Twenty Thousand Leagues Under the Sea - Jules Verne Professor Pierre Arronax and his assistant, Conseil, join the crew of the Abraham Lincoln to chase down this strange ocean mammal that has been destroying ships. The duo, along with harpooner Ned Land, end up overboard and rescued by what is revealed to be a submarine, not a mammal. This submarine is captained by Nemo, a mysterious man who has eschewed the land in preference to roaming the open seas. Nemo takes the trio twenty thousand leagues across the seas - from the Pacific to the Indian to the Mediterranean to the Atlantic. Along the way, Arronax uncovers bits and pieces about his captain and catalogs the various fish he sees.

Jules Verne is basically the Father of Science Fiction. His novels - such as "Twenty Thousand Leagues" - were groundbreaking for their time. I'd go so far to say that if it weren't for him, we wouldn't have the science fiction genre at all.

That said, this book was supremely dry and dull most of the time. Yes, it is "hard science fiction" with lots of attention to detail to the mechanics of underwater "sailing" (some of which is incredibly on the mark; others, such as the lamp lighting the way of the Nautilus, laughable and out-dated), but there comes a point when enough is enough. This is particularly prevalent when Arronax/Verne spends multiple pages describing the flora and fauna of the sea in intricate detail ("cataloging fish" into their species and genus) or having long conversations with other characters about irrelevant history (such as the electric cable stretching from the Americas to Ireland).

Again, I greatly appreciate the attention to detail and the thought Verne put into the operation of the Nautilus. That isn't my problem. And I don't mind some detail about the sights Arronax sees while traveling. But the latter in particular "sinks" the story. And when the story is as diluted and sparse as it is here, that is nearly a death warrant.

The majority of this novel reads as a travelogue, Google Maps directions, an account of someone's rather dull vacation. While there are a few scenes that are particularly interesting (the journey to the Antarctic and nearly being trapped underwater, a way too short squid attack, and some walking underwater scenes), by far most of the book is cataloging fish or boring "and on Mar 21st, we sailed from X in Y direction to Z". Yawn. What makes this is even more ridiculous is that Arronax, Ned Land, and Conseil are supposedly held prisoner aboard the Nautilus, so they do not leave and divulge its secrets elsewhere, but no one seems to care about being held against their will until suddenly they are. I'd say "Stockholm Syndrome", only they give a half-hearted struggle when Captain Nemo tells them they are stuck on the ship. Based on how it is written and how little concern these characters have to their captivity, I don't know why Verne didn't just have Captain Nemo invite Arronax to journey with him and maybe decide that he didn't WANT them to leave.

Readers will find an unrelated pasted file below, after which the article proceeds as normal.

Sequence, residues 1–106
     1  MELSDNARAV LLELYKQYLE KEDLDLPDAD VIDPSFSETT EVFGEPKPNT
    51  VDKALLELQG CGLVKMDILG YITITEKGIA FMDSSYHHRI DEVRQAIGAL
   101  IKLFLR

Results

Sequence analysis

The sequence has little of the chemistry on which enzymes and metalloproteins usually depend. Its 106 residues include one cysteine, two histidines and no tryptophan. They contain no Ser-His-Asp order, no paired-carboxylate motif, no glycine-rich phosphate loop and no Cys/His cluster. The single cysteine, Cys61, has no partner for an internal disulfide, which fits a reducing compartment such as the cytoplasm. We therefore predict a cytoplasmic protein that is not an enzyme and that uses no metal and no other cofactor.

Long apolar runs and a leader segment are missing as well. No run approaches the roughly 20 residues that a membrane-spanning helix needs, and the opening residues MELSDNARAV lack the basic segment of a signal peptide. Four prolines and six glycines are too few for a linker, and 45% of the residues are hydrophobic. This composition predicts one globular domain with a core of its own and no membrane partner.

The only (and by far the best) character in this book is Captain Nemo. Sure, there is Arronax, Conseil, and Ned Land, but calling them "characters" is a stretch, unless you are using the most generous of definitions of "character". Arronax is probably the best of the trio. He has some moments of humor (as a side note, there is quite a bit of humor, and it is well applied and a good break from the blandness of most of the text) and has a complicated relationship with Nemo. Ned Land would be next. His sole character trait is wanting to kill anything that moves - whales, kangaroo, tigers, you name it. Pretty much any time he appears in the story, it's to talk about wanting to kill something or escape (and honestly, he doesn't even CONSIDER escape until the last 75% of the novel). The absolute worst character, in my opinion, is Conseil. The guy makes Saltine Crackers look like they aren't bland. If you want a cold, blindly loyal servant, this is your man.

But I hesitate to blame this lack of characterization on Verne's skill as an author or the standard "But it's hard scifi, not a character study!", particularly when you have the complex character of Captain Nemo. What the other characters aren't, Captain Nemo is. Apparently, something bad happened to his wife and his children - something bad enough to make him abandon the land all together and sail in his boat, enacting revenge on passing ships. But he isn't a cold blooded killer - he stays Ned Land's hand, when Ned wants to harpoon a bunch of whales for the hell of it. (Of course, not more than a couple of paragraphs later, Nemo then slaughters a bunch of "sperm whales", so calling the guy a hypocrite is definitely in order.)

So the story is meh, the characters are meh, and the descriptions are overboard. Part of that is just me not really being that hot on the book (my dad, a retired Navy submariner, and my sister both ADORE this book and think I am mad for not). That's only a small part of "Twenty Thousand Leagues". The more important part - and the reason I think that any fan of scifi should read this book - is its influence on the genre. This is the great-great-great-great grandfather of novels like "Ender's Game" and "2001: A Space Odyssey". So in that regard, this book is priceless - it gives me a better respect for the genre I love.